Short Stories, Irish literature, Classics, Modern Fiction and Contemporary Literary Fiction, The Japanese Novel and post Colonial Asian Fiction, Yiddish Literature, The Legacy of the Austro-Hungarian Empire and quality historical novels are some of my Literary Interests





Sunday, December 8, 2013

"I Love the Circus" by Chelsea - A Story From the Anjali House Writing Project Siem Reap, Cambodia



My thanks to Chelsea for allowing me to publish this very interesting story.


"I Love the Circus" by Chelsea (13)




 

   Yesterday I went to the circus. It was very fun. When I went I walked around and saw the pictures of that circus. When I saw that it was 7:00 I knew they were going to start to play. This is my first time there.

   It was a story about a boy who the villagers did not like because he could not speak or hear. They made him sad. He prayed to the gods. The gods said “Do you want to be a girl like your mother?” They turned the boy into a girl. She was the most beautiful girl in the village. But still they killed her, because they thought she was bad. When she died, the gods came andsaid “Why did you do this?” and they made the girl live again as a boy.

   To show this story, the actors jumped with the fire light. They danced with the music. They jumped high from the see saw onto a big mat. And they stood on top of each other.

   After they finished, they stretched. Then I asked them some questions. “How long did you study this?” I asked.

   Two men said they learned this for 7 years. Two other men said they learned this for 8 years, and another man said he studied for 10 years. The two women both studied for 9 years.

   I also asked if they will do this for a long time. All the men said, “No! When I have a wife, I will stop.” But the women said, “I am not thinking about a husband. But when I am 30 I will stop.”

 

 

Chelsea, age 13 -Author supplied data 



 

In my family there were four people. Me, my parents and my brother. One day my parents had a fight. Then me and my brother ran to my grandmother’s house. Then I went to live with her when I was 7 years old. Now I am 13 years old. In my grandma’s family there were 7 people. My uncle, aunt, their two children, my grandma and my sister. When I was 13 years old my grandma died. I was very sad. When the funeral was finished I went to live with my uncle and aunt. I hope one day I will live with my good family again.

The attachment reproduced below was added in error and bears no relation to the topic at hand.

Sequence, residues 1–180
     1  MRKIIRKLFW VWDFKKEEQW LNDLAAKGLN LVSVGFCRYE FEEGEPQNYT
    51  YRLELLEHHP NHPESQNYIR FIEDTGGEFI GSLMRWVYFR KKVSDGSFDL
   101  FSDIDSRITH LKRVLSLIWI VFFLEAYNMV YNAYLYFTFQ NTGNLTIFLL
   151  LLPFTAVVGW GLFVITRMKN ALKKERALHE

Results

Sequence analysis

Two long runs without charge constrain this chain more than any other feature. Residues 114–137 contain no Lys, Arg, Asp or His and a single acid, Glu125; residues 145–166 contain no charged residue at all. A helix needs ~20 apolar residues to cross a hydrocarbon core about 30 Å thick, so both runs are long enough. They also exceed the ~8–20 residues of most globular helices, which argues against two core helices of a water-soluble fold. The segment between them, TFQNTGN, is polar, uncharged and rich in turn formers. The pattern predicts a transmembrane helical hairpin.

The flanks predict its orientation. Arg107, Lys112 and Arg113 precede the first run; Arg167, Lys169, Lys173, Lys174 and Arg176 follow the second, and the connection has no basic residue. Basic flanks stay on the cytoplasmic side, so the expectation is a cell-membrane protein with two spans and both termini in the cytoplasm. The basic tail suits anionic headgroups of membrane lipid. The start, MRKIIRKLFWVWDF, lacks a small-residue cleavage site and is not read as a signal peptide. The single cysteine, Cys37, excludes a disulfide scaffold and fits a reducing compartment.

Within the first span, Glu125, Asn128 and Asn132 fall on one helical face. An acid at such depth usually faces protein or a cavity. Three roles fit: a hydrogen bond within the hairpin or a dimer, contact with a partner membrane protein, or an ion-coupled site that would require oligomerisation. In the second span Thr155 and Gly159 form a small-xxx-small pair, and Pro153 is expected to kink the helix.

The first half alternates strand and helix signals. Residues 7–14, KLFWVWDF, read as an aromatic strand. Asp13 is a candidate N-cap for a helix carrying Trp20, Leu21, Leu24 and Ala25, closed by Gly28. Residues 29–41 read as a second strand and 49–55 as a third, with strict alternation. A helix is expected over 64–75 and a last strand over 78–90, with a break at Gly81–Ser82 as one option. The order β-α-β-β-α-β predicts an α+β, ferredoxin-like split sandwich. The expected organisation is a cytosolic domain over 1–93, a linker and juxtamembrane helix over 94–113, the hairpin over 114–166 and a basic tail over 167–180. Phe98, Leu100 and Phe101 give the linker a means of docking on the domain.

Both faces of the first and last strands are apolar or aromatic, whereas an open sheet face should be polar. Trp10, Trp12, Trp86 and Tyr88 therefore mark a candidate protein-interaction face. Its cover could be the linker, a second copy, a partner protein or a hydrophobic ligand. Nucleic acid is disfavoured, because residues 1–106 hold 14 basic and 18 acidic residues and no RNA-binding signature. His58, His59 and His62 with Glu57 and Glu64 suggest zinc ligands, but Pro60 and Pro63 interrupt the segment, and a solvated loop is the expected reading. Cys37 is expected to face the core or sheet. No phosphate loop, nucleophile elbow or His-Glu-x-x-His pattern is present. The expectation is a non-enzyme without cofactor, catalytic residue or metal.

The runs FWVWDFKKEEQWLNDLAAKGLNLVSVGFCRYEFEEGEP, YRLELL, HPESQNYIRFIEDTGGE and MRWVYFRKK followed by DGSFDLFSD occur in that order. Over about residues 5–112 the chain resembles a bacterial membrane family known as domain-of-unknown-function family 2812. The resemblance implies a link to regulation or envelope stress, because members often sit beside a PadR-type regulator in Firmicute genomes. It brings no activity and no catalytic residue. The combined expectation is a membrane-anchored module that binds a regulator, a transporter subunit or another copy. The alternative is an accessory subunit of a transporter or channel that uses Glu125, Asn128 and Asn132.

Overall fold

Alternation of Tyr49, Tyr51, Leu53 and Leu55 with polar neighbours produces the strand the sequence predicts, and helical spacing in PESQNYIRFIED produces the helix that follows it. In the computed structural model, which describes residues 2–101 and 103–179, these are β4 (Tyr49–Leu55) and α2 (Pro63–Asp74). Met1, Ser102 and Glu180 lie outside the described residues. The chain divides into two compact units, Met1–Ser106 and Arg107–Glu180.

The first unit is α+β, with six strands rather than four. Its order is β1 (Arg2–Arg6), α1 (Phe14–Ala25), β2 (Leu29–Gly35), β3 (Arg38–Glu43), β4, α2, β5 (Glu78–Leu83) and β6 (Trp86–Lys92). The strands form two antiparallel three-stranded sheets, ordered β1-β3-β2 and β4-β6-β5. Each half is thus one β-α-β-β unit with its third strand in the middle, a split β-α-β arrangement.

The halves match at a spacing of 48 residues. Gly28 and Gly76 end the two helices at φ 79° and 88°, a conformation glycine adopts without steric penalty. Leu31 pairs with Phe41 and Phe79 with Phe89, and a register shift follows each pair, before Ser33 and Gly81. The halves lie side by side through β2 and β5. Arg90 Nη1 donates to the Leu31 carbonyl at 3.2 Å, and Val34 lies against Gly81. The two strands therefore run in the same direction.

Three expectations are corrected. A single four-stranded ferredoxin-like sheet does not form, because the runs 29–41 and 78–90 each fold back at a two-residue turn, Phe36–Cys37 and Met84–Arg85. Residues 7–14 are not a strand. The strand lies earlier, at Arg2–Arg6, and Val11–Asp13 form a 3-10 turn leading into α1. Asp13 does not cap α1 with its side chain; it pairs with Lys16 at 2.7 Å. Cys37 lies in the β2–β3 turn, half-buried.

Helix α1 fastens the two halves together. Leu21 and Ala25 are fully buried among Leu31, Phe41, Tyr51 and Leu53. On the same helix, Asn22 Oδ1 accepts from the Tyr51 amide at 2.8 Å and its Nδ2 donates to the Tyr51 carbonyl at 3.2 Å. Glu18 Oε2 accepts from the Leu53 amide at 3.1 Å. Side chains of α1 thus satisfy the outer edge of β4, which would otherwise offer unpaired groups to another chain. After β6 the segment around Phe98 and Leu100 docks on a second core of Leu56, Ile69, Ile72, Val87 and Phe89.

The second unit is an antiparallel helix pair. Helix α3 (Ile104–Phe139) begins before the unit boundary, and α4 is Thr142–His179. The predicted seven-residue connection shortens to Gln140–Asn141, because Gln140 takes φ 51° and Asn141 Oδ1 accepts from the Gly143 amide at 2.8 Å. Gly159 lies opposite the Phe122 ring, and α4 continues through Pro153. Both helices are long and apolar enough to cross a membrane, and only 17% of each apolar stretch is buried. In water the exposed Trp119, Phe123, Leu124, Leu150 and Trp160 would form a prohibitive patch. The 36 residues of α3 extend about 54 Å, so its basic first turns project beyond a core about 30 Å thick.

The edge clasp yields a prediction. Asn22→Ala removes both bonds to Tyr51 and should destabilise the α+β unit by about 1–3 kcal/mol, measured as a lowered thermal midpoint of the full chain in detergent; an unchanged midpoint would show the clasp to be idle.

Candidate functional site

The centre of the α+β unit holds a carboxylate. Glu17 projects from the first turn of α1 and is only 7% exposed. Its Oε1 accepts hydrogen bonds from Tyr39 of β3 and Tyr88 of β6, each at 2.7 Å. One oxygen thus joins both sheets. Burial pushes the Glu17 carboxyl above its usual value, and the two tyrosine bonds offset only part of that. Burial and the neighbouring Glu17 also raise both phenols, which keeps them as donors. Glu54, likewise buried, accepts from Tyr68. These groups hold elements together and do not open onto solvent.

1 comment:

Dana Lim said...

The stories of the children in Anjali House have touched me and take me back to a time when I was a young girl. It is important for kids to have a childhood, both for themselves, the societies in which they live and also for their families. You can see this yearning in the writings of these children; they just want something good in their lives, something that they can rely on.

The ability to write and to make oneself understood is crucial to give people a permanent place at the table where decisions are made. By teaching the kids to write in a persuasive way, they can have an influence far beyond their local surrounds. I sit in Australia and whatever you feel about social media, something I take a second to ‘like’ may cause a chain reaction for the good. Laptops and mobile phones have been used to organise events that have altered the course of history. Sometimes it just takes an idea to emerge that is passed around until a critical mass of people will no longer accept the status quo. This can begin with the story of a single child.

When I was growing up it was not encouraged for children to speak their mind, indeed it was better if we were seen and not heard. I think that this was a mistake, because people need to be able to talk about trauma if they want to. Once I was in a position to set down my story then I was able to get it out of my system for anyone who wanted to listen. It didn’t matter if no-one was interested; telling a story is as good for the writer as hearing it is for the reader.

I value my education above all of my possessions, because it is the one thing that can not be taken from me. Things can be replaced, but the the ability to communicate gives us a voice that can be heard across space and time.

The possibilities are endless. What we choose to say is up to us.

Keep up the great work Anjali House and Mel.